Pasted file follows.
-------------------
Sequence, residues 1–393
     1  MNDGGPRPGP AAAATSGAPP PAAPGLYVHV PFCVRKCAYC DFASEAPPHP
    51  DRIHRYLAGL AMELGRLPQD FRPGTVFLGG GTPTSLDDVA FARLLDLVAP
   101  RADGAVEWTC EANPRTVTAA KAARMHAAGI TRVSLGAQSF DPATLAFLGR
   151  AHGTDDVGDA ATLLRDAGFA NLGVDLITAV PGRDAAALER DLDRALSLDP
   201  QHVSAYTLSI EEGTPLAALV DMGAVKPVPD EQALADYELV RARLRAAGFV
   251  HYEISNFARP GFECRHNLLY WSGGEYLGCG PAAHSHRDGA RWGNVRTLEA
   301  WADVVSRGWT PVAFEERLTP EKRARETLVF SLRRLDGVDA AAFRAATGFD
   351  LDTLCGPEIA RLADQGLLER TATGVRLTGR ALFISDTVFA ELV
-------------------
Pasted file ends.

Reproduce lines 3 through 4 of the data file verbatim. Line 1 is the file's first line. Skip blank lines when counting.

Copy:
    51  DRIHRYLAGL AMELGRLPQD FRPGTVFLGG GTPTSLDDVA FARLLDLVAP
   101  RADGAVEWTC EANPRTVTAA KAARMHAAGI TRVSLGAQSF DPATLAFLGR